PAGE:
17 The difference between a dialect and a language depends on mutual

17 the difference between a dialect and a language

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17. The difference between a dialect and a language depends on mutual intelligibility. If you are able to understand one another, then it is a dialect. If you are unable to, then it is a different language. 18. An inflectional morpheme is a suffix and can never change the grammatical category of a word, whereas a derivational morpheme can, such as the morpheme -ly, which can change an adjective to and adverb. 19. A word is a meaningful unit which can be used as a singular phrase or in a sentence, We can tell when it’s a word when it is the minimal possible unit in a reply. It can have features such as a
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regular stress pattern, and phonological changes conditioned by or blocked at word boundaries. It can be the largest unit resistant to insertion of new constituents within its boundaries, or be the smallest constituent that can be moved within a sentence without making the sentence ungrammatical. 20. Bee communication is a sophisticated sign but it not a symbol, a symbol being removed in time and space, arbitrary, and conventional. Bees have closed communication, meaning that they cannot talk about anything but that day’s nectar, cannot relay messages cannot reply or ask questions about the nectar. Whereas humans have an infinite amount of possibilities in expounding on conversations and relaying information. We can also produce novel expressions and are capable of syntax. 21. Apes can only grasp simple syntax, they were able to do some generalizing, and they were able to produce some novel expressions such as “water bird”. They are unable to vocalize so they were taught ASL, or they used computer keyboard and chips. 22. Displacement: removed in time/space (bees can talk about nectar in other locations but not in space), openness/productivity: infinity of novel expressions, cultural transmission: social learning, not innate, duality of patterning: sounds combine to make words. Words can then be combined to make new words. 23. Behaviorist theory- A child is an empty vessel that is to be filled by experiences provided by the environment they are put in. Innatist theory- Language is innate and is genetically encoded into humans. This ability is realized with relatively minimal assistance. Cognitivist theory- Cognition comes first then language develops. Theory theory- Children build rules as they learn.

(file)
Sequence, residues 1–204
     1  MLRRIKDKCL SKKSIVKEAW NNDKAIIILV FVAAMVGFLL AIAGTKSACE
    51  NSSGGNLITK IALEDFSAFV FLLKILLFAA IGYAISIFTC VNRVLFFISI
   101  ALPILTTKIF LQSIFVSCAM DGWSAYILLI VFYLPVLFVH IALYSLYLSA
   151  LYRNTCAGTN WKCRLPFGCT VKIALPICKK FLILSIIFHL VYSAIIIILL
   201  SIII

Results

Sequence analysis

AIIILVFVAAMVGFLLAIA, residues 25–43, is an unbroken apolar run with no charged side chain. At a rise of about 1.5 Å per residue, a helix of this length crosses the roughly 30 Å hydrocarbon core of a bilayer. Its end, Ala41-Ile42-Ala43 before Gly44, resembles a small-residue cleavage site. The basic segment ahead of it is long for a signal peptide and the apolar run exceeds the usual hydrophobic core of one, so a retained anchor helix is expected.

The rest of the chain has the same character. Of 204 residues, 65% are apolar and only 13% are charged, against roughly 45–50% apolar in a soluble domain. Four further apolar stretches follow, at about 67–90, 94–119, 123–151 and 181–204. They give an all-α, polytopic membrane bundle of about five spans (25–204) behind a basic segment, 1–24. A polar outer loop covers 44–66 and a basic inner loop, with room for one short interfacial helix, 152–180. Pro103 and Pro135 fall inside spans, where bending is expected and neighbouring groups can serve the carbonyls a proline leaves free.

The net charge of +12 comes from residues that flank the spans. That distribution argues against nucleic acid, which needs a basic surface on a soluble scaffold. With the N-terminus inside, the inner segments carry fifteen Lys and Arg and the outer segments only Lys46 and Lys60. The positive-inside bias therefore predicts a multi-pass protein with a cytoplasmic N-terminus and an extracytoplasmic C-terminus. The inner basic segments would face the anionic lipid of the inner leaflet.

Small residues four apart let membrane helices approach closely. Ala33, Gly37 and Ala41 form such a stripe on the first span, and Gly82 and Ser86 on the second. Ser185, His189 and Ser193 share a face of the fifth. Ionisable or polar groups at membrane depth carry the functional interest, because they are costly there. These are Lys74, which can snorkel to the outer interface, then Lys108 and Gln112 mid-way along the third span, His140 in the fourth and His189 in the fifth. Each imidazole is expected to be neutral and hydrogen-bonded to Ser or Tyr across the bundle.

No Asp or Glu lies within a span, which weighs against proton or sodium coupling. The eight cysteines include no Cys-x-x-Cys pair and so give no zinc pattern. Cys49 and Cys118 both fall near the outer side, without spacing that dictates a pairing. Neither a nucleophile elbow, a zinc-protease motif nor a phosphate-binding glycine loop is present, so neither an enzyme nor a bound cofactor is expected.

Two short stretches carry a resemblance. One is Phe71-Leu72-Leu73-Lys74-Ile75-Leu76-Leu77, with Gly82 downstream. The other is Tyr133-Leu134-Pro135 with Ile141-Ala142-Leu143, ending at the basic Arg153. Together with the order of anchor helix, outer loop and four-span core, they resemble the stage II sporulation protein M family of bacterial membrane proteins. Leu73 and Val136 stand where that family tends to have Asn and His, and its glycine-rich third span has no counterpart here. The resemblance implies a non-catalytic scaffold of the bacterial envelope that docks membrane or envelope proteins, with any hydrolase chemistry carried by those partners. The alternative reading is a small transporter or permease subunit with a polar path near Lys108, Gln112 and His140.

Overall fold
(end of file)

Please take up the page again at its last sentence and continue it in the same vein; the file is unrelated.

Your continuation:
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  • Fall '17
  • Dr. Doug Falen
  • Anthropology, Phoneme, Morpheme

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